As a way of life, scuba would leave a lot to be desired. As a hobby, though, it’s brilliant; it anchors the experience of a new place, whether you’re on a quick visit or diving in as an expat.
I didn’t always feel this way. My husband, Rick, and I started diving together on our honeymoon ten years ago in Fiji. I was a novice, and nervous. And the dive boat left at 7:30 in the morning, for the love o' Pete. So scuba felt more like an obligation than a raison d'etre.
Now, though, I’ve experienced shore diving. I’ve gazed upon a forlorn little seahorse, and hovered in rapt fascination as a silver army of barracuda barreled by on their way to war. Or lunch. Or something. Not exactly a whale shark sighting or a friendly swim with dolphins, but I live in hope.
And I know how useful a dive itinerary can be to one’s social dance card. I traveled alone to Cozumel but was quickly adopted by a group of hard-core divers from Buffalo who later shooed away some incorrigible policía surrounding my rental car. In St. Eustatius, Rick and I were treated to an unforgettable Caribbean view by the owners of Dive Statia on their spacious patio overlooking the sea. And in Bonaire, our B&B hosts, who doubled as divemasters, pointed out not only the best dive sites, but also everything the guidebook hadn’t told us about a possible future expat existence on the Dutch Antilles island.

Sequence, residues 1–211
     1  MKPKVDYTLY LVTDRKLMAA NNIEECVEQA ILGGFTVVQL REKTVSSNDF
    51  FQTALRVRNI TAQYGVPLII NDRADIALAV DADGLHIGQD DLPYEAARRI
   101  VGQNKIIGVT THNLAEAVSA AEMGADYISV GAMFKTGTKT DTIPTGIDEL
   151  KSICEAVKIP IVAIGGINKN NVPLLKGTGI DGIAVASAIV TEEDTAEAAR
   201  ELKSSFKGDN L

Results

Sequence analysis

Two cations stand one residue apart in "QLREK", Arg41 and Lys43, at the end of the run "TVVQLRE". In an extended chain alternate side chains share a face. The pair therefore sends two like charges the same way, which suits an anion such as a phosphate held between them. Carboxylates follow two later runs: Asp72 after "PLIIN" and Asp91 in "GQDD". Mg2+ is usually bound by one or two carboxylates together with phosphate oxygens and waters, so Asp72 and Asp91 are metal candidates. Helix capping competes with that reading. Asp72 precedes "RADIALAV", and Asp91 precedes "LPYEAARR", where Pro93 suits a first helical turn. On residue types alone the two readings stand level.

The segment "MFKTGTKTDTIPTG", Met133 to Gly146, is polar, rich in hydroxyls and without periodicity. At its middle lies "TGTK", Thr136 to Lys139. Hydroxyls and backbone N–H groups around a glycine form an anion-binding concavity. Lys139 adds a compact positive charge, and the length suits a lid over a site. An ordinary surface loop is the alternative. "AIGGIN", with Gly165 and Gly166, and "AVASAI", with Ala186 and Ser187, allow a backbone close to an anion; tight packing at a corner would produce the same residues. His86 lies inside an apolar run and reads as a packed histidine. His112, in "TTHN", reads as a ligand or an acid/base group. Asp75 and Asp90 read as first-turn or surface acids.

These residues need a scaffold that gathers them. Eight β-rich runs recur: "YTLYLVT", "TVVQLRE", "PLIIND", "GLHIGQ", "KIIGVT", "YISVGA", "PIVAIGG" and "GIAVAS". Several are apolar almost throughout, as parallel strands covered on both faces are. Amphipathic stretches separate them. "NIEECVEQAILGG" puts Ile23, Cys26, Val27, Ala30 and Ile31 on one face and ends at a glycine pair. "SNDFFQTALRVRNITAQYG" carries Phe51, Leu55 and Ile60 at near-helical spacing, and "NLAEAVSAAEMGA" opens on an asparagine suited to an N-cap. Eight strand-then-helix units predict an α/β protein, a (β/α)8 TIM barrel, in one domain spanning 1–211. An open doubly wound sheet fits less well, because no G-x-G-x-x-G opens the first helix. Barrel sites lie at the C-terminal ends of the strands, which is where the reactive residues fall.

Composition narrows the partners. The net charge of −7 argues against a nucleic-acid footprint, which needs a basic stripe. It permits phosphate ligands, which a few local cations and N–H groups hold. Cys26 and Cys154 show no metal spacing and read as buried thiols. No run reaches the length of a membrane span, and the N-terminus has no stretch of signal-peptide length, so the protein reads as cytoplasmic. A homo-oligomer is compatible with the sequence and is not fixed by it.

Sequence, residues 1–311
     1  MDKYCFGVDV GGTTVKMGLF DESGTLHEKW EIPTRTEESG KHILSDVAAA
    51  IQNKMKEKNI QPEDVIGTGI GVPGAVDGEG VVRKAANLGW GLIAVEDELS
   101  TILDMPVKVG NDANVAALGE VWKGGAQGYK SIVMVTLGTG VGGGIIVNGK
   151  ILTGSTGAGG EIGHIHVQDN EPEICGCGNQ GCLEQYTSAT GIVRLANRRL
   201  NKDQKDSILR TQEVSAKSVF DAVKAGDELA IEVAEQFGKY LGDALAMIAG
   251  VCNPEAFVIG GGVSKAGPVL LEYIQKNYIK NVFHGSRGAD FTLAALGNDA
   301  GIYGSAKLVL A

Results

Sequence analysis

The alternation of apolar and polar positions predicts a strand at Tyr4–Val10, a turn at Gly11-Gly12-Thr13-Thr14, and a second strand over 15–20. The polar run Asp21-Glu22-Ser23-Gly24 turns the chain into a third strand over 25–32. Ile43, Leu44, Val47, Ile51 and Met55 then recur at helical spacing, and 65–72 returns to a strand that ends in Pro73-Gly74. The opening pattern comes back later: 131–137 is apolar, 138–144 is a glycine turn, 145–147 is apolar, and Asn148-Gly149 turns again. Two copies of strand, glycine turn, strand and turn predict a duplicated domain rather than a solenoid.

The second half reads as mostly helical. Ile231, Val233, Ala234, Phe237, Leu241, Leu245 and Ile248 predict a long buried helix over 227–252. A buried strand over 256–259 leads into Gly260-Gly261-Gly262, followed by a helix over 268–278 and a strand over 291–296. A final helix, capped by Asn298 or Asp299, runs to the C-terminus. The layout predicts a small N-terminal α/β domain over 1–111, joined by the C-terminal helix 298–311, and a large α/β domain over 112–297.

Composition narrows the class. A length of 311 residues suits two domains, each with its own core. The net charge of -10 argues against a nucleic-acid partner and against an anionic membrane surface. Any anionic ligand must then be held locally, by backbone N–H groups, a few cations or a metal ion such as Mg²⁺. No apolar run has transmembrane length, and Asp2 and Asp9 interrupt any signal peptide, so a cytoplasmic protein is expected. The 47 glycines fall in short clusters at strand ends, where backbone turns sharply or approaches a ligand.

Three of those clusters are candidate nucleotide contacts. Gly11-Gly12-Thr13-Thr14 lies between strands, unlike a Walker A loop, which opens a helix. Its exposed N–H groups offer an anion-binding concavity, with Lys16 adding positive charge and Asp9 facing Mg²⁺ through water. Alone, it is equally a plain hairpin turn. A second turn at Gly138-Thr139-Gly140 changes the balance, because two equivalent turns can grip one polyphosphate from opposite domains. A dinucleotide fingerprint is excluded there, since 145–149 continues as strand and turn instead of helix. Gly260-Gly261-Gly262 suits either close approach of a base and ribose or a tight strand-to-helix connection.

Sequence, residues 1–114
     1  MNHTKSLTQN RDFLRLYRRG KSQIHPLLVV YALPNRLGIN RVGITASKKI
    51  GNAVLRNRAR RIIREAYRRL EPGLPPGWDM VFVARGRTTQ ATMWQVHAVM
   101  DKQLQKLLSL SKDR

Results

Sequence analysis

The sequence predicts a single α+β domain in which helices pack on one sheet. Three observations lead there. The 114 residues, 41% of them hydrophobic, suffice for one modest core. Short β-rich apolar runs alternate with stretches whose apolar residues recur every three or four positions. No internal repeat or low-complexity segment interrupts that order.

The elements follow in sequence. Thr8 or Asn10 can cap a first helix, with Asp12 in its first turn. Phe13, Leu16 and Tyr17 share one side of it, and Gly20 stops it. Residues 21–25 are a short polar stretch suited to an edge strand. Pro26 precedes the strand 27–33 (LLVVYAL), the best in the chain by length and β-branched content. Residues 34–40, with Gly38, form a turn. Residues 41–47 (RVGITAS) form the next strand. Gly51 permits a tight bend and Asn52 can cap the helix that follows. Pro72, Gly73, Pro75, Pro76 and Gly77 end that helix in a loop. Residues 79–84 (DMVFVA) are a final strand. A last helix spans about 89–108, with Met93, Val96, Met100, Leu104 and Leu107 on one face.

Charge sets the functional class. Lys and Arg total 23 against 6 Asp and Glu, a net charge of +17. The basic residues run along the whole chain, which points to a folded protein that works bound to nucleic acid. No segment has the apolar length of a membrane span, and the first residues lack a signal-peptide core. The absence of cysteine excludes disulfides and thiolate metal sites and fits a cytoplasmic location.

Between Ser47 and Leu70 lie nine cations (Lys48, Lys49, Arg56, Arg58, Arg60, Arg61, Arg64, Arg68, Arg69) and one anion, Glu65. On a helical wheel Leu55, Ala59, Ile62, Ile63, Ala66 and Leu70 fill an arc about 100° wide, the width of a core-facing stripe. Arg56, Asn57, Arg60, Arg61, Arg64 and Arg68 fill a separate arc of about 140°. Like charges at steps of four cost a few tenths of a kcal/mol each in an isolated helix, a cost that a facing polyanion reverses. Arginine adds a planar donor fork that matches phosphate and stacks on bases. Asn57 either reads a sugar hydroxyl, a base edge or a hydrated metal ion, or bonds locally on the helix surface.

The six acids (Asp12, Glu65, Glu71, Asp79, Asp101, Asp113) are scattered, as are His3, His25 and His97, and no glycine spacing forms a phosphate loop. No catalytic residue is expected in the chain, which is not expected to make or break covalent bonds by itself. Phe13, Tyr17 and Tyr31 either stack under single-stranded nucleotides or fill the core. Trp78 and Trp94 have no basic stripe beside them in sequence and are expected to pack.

Seeing a new destination through the diving community's lens brings different perspectives: the local leaderships' vigilance as environmental stewards; options for health care (especially as they relate to bites, stings, and nitrogen bubbles in the bloodstream); the best spot for a cold beer. All the important stuff. And, of course, what's going on beneath the surface (aka How's the diving?). The diving's always good for a story.
In Sharm el Sheikh, the corals were Williamsburg blue. Blue. I’d never seen such a thing. And the morays weren’t hiding in holes, as is their habit. The six-foot monsters were free swimming.
But why hide, really, when one is long enough to wrap one’s snaky self completely around a bubble-blowing human, if one were, say, looking for a diversion? And then continue on up the quivering air hose to smile real pretty into the petrified diver's mask just before sinking one’s pointy, bacteria-laden teeth into…um. Oh, sorry. What was I saying? Right.
Even the quality of light in the water seemed different there in the Red Sea, like an old home-movie kind of blue, with the fish set in bold relief against it, as if they were dropped into a 3-D computer animation. It felt like we’d descended into a slow-motion Cousteau film, with the bubbles sounding a slow wah wah wah, and our limbs moving at a turtle’s pace through the very salty water.
It was spectacular diving, right up until the moment the Lone Single Guy dropped in out of nowhere and finned my face. One second, I’m communing with a lipstick-wearing parrotfish; the next, I'm backing up, squid-like, from a Speedo-ed spastic with a disposable camera.
And that’s pretty much my diving experience in a nutshell – moments of wonder followed by musings on mortality, interspersed with mild hallucinations and the occasional blow to the head. Kind of like tequila. But more expensive.
For me, the scuba learning curve has been a little steep and sometimes scary – underwater I still keep my hands to myself and my tank banger within easy reach – but the benefits are pretty robust. And if you’re a single woman, it’s a great way to meet guys. Just sayin’.
Photos (c) www.RickCollier.com Take a look at Rick's site for more pics of Bonaire, Egypt (including Sharm), and Statia.